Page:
Indexed on: 15 Sep '07Published on: 15 Sep '07Published in: Clinical Endocrinology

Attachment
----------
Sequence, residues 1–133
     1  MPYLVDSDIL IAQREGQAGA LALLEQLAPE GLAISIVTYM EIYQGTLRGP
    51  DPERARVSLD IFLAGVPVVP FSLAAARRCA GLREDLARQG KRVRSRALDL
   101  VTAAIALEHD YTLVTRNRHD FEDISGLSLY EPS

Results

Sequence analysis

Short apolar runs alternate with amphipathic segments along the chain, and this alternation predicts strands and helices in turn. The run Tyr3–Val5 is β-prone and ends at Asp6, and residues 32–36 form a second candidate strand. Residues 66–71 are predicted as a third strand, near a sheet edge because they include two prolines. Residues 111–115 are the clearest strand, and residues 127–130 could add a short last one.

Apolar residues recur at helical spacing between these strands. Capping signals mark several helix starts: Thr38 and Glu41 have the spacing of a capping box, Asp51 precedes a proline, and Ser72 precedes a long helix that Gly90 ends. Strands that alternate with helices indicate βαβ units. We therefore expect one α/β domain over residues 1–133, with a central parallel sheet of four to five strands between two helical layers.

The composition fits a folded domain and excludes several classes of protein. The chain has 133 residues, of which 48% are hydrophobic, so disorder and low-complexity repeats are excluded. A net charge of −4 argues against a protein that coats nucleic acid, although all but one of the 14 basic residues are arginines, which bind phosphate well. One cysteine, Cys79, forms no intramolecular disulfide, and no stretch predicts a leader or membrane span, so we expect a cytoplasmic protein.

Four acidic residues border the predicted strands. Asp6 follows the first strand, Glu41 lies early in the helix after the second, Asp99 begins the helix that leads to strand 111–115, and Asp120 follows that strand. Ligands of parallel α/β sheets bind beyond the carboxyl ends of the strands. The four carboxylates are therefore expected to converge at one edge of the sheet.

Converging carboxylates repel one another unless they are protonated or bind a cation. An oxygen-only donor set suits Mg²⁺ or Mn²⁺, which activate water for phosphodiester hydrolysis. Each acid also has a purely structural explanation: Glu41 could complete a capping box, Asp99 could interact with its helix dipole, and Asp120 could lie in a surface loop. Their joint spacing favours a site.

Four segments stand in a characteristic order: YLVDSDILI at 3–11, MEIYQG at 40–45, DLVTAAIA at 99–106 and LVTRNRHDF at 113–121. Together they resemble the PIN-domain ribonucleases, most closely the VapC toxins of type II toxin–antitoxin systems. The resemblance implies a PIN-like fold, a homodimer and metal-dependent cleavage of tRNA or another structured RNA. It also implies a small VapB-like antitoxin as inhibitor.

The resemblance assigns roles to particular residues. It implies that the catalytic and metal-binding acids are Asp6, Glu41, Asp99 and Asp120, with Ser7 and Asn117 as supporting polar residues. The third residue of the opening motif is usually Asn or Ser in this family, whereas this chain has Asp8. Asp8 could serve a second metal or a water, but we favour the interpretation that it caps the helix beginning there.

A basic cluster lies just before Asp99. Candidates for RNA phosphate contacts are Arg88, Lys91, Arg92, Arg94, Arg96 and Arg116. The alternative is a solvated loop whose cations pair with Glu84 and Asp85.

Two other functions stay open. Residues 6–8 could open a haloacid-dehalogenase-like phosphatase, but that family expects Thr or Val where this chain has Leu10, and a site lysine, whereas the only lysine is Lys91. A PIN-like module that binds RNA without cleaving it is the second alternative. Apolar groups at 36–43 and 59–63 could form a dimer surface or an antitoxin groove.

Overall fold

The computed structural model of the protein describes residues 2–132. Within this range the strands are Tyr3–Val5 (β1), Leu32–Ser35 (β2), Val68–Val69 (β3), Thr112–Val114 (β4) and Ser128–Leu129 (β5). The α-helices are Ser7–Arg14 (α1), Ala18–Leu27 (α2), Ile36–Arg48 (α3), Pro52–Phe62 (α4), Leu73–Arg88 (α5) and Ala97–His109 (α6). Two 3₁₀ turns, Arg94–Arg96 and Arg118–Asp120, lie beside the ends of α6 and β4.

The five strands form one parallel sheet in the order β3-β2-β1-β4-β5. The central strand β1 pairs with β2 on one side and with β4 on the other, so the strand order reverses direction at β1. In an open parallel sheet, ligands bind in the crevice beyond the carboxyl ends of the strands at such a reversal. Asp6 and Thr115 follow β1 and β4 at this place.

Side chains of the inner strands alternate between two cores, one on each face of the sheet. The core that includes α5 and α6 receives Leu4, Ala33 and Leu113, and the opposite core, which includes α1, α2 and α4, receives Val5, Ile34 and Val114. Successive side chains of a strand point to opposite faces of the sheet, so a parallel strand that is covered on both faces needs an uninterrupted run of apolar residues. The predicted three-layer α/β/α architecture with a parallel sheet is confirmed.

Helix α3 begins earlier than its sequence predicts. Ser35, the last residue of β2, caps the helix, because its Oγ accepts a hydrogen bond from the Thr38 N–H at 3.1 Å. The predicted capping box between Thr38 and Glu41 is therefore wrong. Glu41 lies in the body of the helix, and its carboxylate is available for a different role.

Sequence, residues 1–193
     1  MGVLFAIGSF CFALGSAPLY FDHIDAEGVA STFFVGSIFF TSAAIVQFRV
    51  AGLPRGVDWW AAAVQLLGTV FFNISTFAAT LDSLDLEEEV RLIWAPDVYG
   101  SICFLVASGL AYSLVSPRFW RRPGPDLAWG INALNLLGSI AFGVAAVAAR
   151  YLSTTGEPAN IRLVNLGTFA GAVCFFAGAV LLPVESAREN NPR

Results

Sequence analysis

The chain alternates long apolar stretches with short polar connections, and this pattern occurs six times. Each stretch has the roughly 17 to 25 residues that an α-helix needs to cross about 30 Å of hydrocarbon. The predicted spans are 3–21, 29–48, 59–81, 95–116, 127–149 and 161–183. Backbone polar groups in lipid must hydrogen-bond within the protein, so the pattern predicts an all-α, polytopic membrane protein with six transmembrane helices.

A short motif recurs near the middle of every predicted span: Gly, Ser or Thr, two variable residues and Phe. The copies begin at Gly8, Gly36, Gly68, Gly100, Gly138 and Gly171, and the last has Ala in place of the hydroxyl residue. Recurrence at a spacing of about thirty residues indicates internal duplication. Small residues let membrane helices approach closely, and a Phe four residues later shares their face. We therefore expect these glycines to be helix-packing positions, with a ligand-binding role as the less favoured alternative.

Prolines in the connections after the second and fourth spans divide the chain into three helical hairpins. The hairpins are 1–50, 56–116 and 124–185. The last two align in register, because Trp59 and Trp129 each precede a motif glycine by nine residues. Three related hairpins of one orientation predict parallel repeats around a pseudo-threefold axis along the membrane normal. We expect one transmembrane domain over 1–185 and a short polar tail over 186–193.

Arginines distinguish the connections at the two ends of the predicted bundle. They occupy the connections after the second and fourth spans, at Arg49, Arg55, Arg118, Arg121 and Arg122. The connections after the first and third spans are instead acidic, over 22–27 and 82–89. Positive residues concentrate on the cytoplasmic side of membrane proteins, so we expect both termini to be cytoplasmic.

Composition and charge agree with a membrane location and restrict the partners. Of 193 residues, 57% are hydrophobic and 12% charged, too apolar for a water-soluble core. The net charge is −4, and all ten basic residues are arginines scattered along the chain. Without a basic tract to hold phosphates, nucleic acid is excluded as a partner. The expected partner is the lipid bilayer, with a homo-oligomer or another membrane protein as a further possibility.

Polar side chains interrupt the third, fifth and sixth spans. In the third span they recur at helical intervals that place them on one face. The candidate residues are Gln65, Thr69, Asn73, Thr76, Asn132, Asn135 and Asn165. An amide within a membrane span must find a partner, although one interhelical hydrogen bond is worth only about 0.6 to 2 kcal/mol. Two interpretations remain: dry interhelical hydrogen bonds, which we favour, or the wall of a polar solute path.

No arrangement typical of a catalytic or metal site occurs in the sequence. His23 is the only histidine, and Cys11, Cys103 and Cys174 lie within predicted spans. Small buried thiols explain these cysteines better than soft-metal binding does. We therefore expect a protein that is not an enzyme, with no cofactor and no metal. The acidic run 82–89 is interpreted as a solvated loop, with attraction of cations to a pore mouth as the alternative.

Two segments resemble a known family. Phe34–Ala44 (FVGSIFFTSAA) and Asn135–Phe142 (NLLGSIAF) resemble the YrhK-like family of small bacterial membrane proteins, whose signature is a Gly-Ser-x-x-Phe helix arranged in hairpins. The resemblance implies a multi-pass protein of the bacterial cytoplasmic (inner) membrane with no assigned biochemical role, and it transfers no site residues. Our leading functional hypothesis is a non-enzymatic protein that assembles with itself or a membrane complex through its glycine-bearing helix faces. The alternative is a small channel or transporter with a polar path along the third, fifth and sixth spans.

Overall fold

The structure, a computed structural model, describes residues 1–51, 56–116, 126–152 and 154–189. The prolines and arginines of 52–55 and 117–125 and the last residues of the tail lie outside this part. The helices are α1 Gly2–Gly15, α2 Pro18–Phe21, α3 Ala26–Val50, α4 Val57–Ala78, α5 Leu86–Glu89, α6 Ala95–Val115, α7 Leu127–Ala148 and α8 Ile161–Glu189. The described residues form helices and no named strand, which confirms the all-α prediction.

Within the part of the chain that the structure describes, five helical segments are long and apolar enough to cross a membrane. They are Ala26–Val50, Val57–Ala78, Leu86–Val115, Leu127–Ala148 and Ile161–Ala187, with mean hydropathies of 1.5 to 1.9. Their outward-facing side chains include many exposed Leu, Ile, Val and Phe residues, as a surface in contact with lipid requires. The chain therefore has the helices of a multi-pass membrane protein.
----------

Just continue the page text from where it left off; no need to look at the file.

Left ventricular (LV) hypertrophy and myocardial fibrosis are considered the main pathological features of acromegalic cardiomyopathy. The aim of the study was to evaluate the proportion of LV hypertrophy and the presence of fibrosis in acromegalic cardiomyopathy in vivo using cardiac magnetic resonance (CMR).Fourteen consecutive patients (eight women, mean age 46 +/- 10 years) with untreated active acromegaly were submitted to two-dimensional (2D) colour Doppler and integrated backscatter (IBS) echocardiography and CMR.LV volume, mass and wall thickness and myocardial tissue characterization (IBS and CMR).On echocardiography: mean LV mass (LVM) and LVM index (LVMi) were 209 +/- 48 g and 110 +/- 24 g/m(2), respectively; hypertrophy was revealed in five patients (36%); abnormal diastolic function [evaluated by isovolumic relaxation time (IVRT) or early (E) to late or atrial (A) peak velocities (E/A ratio)] was found in four patients (29%). Systolic function evaluated by measuring LV ejection fraction (LVEF) was normal (mean 72 +/- 12%) in all patients. Six patients (43%) had increased IBS (mean 57.4 +/- 6.2%). On CMR: mean LVM and LVMi were 151 +/- 17 g and 76 +/- 9 g/m(2), respectively; 10 patients (72%) had LV hypertrophy. Contrastographic delayed hyperenhancement was absent in all patients; on the contrary, mild enhancement was revealed in one patient. Systolic function was normal in all patients (LVEF 67 +/- 11%). LVMi was not related to serum IGF-1 concentrations or the estimated duration of disease.CMR is considered to be the gold standard for evaluating cardiac hypertrophy, fibrosis and systolic function. Using CMR, 72% patients with untreated active acromegaly had LV hypertrophy, which was only detected in 36% patients by echocardiography. However, cardiac fibrosis was absent in all patients irrespective of the estimated duration of disease. Although a very small increase in collagen content (as suggested by increased cardiac reflectivity at IBS), not detectable by CMR, could not be ruled out, it is unlikely that it would significantly affect cardiac function.